Klein + Hummel have been making speakers in Germany for about 60 years. They have a solid reputation for making high quality products and the subject of this review supports and continues to bolster that reputation.
I’ve had some opportunities over the past few years to work in rooms that had excellent monitors (Genelec 1032AM, Tannoy Eclipse, Dynaudio AIR 15, and so on) but this is my first experience with the Klein + Hummel product line. When I’ve worked with really great monitors, it’s always been on the clock so I’ve never had the time to fool around using a signal generator or pulling out a huge variety of program material to test them with. The reality is that speakers in this price range have always been a bit beyond my budget, so the chance to get to own them for even a super short time makes me feel pretty lucky.
The O 300 D is a relatively compact 3-way studio monitor — only 10" x 15" x 11.5" and weighing 32 pounds. The 8" polypropylene woofer takes up most of the real estate on the face with a 3" fabric dome midrange speaker and a 1" fabric dome titanium tweeter nestled into the remaining space. The red K + H logo badge lights up when the main power is switched on and acts as an overload light and flashes with any clipping.
Splitting the frequency range across three drivers makes less work for each one thereby freeing each one to only do what it is best at. The low-end driver has no reason to generate mids, for example, so there will be less resonances, harmonics, and standing waves in the cabinet, permitting better accuracy, or so the theory goes. The cabinet uses a new material called Low Resonance Integral Molding (LRIM) that has been shaped into “waveguides” for both the midrange unit and the tweeter to help control dispersion, and allowing the drivers to be mounted in the correct vertical plane for accurate time alignment. The tweeter waveguide disperses wider horizontally rather than vertically to minimize the high frequency reflections from the surface of the console and creates a larger sweet spot.
Each of the drivers is powered by a separate MOSFET amp (with 150 watts for the woofer, and 65 watts each for the mid and tweeter) with built-in protection limiters. The peak SPL from one meter is quoted as 112.8dB with 3% THD, or at 95dB with less than 5% distortion for all frequencies above 100Hz. The overall frequency response is stated as 40Hz to 20kHz, and by all accounts extremely flat. The points where the frequencies cross over for each are set at 650Hz and 3.3kHz in 24dB/octave slopes with a subsonic filter that rolls off 6dB/octave below 30Hz. With a signal generator issuing a –10dB sine wave, I got to a lovely 28Hz before hearing the roll off and then it rolled off quickly.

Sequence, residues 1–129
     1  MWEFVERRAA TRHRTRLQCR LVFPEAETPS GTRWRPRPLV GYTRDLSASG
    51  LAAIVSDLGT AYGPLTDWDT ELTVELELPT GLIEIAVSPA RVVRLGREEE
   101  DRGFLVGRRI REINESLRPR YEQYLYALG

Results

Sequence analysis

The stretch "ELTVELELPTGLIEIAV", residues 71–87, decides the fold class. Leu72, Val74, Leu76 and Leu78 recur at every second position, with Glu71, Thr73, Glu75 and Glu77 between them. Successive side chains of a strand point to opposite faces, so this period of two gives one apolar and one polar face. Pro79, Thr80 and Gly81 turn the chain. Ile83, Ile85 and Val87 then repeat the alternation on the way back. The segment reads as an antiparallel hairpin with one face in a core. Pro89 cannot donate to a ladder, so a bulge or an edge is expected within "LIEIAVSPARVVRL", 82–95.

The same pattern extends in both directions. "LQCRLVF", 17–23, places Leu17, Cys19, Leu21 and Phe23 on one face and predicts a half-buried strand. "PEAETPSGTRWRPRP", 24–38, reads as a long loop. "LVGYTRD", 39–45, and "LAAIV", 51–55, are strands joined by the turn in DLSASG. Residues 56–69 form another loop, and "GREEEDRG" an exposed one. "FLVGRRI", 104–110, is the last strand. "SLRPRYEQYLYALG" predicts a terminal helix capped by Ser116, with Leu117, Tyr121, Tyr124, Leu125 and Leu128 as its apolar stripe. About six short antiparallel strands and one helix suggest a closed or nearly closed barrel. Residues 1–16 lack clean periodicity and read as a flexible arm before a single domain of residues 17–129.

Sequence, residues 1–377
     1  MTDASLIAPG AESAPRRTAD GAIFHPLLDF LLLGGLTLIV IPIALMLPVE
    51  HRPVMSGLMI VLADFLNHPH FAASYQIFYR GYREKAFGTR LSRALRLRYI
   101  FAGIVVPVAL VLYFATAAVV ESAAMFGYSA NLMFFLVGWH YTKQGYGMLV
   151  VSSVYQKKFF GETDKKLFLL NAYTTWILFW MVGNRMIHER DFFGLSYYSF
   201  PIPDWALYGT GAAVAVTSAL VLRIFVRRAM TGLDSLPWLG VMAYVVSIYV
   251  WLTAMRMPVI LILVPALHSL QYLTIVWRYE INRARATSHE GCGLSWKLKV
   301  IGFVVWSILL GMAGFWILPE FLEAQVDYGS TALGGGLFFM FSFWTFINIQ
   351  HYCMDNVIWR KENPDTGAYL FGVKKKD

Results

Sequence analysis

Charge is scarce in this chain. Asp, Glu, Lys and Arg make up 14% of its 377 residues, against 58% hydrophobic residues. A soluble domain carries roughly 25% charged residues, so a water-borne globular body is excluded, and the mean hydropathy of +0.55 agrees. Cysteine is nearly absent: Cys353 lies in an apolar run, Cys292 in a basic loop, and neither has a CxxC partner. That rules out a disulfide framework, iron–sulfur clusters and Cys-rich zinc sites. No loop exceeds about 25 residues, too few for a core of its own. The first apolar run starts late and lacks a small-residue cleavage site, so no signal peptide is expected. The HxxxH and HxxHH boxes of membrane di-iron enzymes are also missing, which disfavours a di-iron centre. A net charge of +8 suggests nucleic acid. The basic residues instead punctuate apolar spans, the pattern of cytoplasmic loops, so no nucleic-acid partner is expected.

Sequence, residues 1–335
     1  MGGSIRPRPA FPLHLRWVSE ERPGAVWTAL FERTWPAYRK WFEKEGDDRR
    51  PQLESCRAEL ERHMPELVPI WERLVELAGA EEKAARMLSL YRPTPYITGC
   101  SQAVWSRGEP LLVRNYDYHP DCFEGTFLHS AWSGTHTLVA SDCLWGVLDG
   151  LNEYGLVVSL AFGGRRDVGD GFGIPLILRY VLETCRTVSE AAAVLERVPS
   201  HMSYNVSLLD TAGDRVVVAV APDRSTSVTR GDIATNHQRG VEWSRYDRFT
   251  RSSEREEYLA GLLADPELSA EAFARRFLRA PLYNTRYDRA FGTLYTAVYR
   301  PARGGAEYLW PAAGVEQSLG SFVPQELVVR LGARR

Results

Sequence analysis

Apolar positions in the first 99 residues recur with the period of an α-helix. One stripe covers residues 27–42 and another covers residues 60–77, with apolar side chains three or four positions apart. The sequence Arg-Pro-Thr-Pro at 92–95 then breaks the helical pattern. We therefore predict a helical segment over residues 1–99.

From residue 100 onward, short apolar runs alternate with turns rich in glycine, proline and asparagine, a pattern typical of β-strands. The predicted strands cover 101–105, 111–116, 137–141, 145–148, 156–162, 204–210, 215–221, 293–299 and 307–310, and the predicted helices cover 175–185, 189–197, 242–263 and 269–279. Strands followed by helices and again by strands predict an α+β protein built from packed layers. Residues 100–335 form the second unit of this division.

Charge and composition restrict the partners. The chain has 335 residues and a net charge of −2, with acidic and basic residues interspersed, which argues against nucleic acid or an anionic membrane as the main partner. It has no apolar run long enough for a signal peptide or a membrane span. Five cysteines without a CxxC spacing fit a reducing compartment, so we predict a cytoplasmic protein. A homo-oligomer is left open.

The O 300 D has an analog input via a transformer balanced line level into an XLR connector (no TRS input), and digital signals can be connected using the same XLR as the analog in for AES/EBU or via BNC connector in either unbalanced AES3id or S/PDIF. The D/A is a 24-bit converter that takes up to 96kHz sampling rate.
Like many active speakers these days, there is a full range of room correction EQ features. These are really small, screwdriver-adjustable pots. I tried to get my fingernail in one of them, but they are too recessed. These controls will help compensate for near-wall placement, or corner-near-ceiling placement, or in the middle of the room with 3dB attenuated increments to the low’s output — plus a broad midrange (50Hz to 1kHz) control to attenuate 0 to 6dB, and finally a high frequency level control that goes from a +1dB to –2dB around 2kHz and up.
One interesting thing on the rear panel is a 7-pin XLR connector that is used to bypass all the crossover, EQ, and protection circuitry so that a K+H controller (the Pro C28) can take care of all those controls digitally. This unit provides much more sophisticated control over all the input signal handling, digital conversion, etcetera. The Pro C28 runs about $5,000 — we didn’t get one to play with for this review.
After putting the speakers through a recommended burn-in period (pink noise @ 85dB for 72 hours), I collected a large collection of mixes from many disparate sessions — from Reason-y blip-hop to string quartets, tweaked out post-rock to Meters-esque funk, willowy folk bliss to angry chaotic skronk — and prepared for my initial day with the monitors.
From the very first note of the very first track, I had to scrape my jaw off the floor. These monitors blew me away immediately. They sound huge for such compact boxes. Every track I played was instantly stripped of its hazy outer layers — every track suddenly became much, much more that it was — either in a really good way or in a flaw-ridden, embarrassing way.
The bass came alive with a tight and natural clarity that was not exaggerated in any way. I guess it feels and sounds “right” or truthful. Wide and clear mids — beautiful full-range mids — and at the same time with some of my mixes: horrendous! . . . but vivid and 3 dimensional. The highs are seamlessly integrated and are not hyped at all. The entire spectrum is ultimately represented and absolutely pleasant to listen to.
Every sound issued from the K + H O 300 D’s took on a new life or afforded me a new perspective on that sound. You have to hear them for yourself. They are by far the best near-field monitors I’ve had the pleasure to use.
It’s depressing to have to go back to my normal monitors. It always is depressing to get used to something great and then have to give it back. I wish I could afford these things, then I wouldn’t have to give them back, but they go for about the same that I paid for my last car. The price is prohibitive. I understand the old adage, “You get what you pay for” but it’s still just unfair.